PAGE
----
By Anjum Altaf and Nadeem ul Haque
Should PIA, a State Owned Enterprise (SOE), be privatized or not? It is poorly run, losing a great deal of money, and a drain on the budget. But what does that have to do with PIA being a SOE? Therein lies the real question and some answers to our particular predicament in Pakistan.
If one were to line up all potential services with the smallest in scale at one end to the biggest at the other, readers would likely agree that the smallest (say, tea stalls at a railway station) are better provided privately and the largest (say, national defense) by the public sector. The reasons are not hard to fathom – bureaucracies are not good at adapting to rapid changes in market conditions and consumer preferences; markets cannot exclude those unwilling to pay for a service like national defense.
In between these two extremes, almost all services beyond a minimum scale can be provided equally well by both public and private sectors – ownership matters less than arrangements for management. It might surprise some that the most efficient utilities in the world are in Singapore, all operated by SOEs. The example of airlines itself proves the point – readers can easily look up public and private airlines that are equally successful. In fact, if PIA were to be sold it would most likely be to one of the state-owned Middle East airlines demolishing immediately the argument that an airline cannot be run efficiently by the public sector.
This should bring us to the crux of the issue – it is not that an airline cannot be run efficiently by the state; what is being implied is that it cannot be run by the state in Pakistan. This should immediately raise the question WHY? Why is the Pakistani state unable to run an airline efficiently?
Here one should not be distracted by the argument that has become the implicit rationale for privatization of SOEs in Pakistan – that the public sector is dishonest. This is an invalid basis for deciding how a service is to be provided – one cannot legitimately compare the reality of one sector with the ideal of another. The private sector has an equal share of dishonesty – from the local milkman who mixes water in milk to the shady pharmaceutical companies marketing adulterated drugs, to the global corporations regularly charged with fraud.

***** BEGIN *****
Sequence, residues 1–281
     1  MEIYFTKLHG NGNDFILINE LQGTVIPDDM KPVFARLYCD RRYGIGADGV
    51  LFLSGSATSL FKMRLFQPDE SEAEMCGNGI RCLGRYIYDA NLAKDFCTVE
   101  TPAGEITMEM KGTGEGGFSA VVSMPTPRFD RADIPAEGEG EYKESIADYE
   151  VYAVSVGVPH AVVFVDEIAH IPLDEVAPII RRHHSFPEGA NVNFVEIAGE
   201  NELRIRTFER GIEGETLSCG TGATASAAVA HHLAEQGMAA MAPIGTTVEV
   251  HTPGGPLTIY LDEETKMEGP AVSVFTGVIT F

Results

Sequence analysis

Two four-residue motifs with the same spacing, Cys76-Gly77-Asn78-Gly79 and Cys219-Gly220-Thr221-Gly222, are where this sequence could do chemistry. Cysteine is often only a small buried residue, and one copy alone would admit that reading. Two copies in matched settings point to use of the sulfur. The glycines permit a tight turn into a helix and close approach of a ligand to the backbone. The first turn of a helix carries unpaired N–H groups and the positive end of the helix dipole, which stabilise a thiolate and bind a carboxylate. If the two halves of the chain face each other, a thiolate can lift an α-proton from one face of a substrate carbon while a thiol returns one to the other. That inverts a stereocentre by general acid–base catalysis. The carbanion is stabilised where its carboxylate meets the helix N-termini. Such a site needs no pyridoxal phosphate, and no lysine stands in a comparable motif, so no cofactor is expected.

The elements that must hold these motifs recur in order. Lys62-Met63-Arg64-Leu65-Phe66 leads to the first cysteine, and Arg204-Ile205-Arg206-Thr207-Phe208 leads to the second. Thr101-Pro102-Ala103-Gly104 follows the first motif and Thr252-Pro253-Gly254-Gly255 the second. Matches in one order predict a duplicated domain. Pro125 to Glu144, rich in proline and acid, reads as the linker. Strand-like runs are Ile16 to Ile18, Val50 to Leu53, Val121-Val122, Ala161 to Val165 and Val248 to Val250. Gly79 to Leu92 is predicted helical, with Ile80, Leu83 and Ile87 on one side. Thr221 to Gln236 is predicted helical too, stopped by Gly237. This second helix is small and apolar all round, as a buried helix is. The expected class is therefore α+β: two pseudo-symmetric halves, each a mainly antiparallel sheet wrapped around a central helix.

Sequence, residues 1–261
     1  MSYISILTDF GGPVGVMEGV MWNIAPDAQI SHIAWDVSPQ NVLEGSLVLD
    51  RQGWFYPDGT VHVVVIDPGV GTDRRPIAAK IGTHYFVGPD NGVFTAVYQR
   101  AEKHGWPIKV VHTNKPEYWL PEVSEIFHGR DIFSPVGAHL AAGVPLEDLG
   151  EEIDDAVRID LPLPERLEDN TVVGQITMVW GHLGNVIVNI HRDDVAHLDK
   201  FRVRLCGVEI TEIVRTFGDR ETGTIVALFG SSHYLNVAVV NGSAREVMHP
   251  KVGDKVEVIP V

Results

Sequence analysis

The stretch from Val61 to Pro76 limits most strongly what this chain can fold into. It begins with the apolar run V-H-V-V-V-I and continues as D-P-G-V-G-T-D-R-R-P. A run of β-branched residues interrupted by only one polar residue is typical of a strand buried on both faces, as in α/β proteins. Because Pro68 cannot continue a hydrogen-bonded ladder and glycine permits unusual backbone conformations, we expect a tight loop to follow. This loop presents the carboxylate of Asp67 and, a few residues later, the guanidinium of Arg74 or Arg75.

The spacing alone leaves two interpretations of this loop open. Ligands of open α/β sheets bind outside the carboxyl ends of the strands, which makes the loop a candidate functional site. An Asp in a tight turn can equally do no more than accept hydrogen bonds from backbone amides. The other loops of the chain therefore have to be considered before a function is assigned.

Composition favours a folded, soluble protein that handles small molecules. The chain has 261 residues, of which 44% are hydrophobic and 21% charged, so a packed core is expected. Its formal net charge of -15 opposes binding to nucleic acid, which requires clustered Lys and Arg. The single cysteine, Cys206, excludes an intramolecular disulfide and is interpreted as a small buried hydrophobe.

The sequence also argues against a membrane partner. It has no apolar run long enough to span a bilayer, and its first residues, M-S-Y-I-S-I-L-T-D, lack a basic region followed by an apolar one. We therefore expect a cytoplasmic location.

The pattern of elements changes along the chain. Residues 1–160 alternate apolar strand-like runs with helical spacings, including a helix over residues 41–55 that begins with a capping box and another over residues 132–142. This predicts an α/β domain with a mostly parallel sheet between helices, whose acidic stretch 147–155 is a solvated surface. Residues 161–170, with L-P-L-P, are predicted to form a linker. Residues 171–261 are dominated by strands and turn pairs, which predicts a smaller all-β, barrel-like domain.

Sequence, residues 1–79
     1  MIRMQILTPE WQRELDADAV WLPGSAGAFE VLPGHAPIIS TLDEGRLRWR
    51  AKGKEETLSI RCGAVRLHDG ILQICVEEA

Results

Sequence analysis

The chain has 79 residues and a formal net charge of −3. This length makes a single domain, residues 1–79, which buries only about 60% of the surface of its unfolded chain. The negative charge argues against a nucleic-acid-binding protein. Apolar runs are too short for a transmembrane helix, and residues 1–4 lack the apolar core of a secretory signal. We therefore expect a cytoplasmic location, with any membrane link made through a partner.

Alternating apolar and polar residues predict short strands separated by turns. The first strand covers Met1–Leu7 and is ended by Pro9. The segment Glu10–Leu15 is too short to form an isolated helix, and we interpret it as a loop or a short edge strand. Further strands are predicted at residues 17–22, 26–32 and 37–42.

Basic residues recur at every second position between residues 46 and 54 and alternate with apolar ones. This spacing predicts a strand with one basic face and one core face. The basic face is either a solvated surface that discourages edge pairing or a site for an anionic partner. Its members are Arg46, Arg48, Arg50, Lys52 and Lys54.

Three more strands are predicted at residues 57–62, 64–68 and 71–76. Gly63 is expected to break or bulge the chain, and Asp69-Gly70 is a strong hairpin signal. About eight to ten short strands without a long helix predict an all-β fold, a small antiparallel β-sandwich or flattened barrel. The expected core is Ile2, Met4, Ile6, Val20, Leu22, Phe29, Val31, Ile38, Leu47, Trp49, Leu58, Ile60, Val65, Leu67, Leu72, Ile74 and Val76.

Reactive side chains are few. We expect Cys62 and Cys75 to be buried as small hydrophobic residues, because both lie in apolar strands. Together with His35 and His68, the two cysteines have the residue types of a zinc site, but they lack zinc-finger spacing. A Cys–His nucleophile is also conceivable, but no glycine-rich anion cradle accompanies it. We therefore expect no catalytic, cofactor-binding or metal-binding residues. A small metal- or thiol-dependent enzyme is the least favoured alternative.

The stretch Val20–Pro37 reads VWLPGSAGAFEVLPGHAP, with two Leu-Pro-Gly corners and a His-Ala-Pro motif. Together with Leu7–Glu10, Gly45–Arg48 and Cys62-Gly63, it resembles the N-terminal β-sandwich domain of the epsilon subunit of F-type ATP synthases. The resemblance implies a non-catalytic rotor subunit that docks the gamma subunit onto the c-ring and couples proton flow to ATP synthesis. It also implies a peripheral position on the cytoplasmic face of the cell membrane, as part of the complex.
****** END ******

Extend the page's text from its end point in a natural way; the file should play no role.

This opens up a set of issues. Once the airline is privatized what would be our position on the provision of ancillary services like airport facilities and traffic control and allocation of routes? Wouldn’t these also need to be privatized because otherwise they would remain in incompetent hands and negatively affect the efficiency of the privatized airline?
And if our governments are actually dishonest or incompetent, or both, as alleged, how can we be sure that they would be honest or competent in the process of privatizing a SOE? Isn’t it a fact that almost every attempt at privatization in Pakistan has been dogged by scams? And how wisely would it use the proceeds?
We also know that all services involving human safety need to be regulated. How can we expect a dishonest and incompetent state to regulate efficiently when it is not able to operate efficiently? Wouldn’t powerful private interests subvert the regulatory apparatus to further their interests just as private firms buy out state agents to jigger their electricity bills? Should regulation also be privatized?
We reach a dead end if there are no credible answers to these questions. The logical implications of using the argument of state dishonesty and incompetence for privatization are momentous leading straight to the conclusion, absurd as it might sound, that the state itself ought to be privatized. It would be much more efficient to give the management of Pakistan to the state of Singapore.
Having identified the big question at issue we can return to the relatively minor one of PIA. Airlines operate in a market open to competition and therefore the service can be offered privately without difficulty. Networked services like railways, electricity, gas, and water, on the other hand, are natural monopolies and much more difficult to privatize although examples exist where this has been managed.
At the level of pure theory and in an ideal world, the private sector maximizes profits within a set of externally imposed rules that prevent it from cheating; the public sector maximizes public welfare at least cost in a framework of accountability that prevents it from abuse of power.
Without honest regulation and public accountability neither sector will deliver – we are at best indulging in a second-order debate. Even if PIA is privatized, the state will retain control over huge assets that it would continue to mismanage. The problem that motivated the privatization of PIA will not go away unless we face up to the real conundrum of the incompetent state and do something about it.
This opinion appeared in Dawn on March 27, 2016 and is reproduced here with permission of the authors.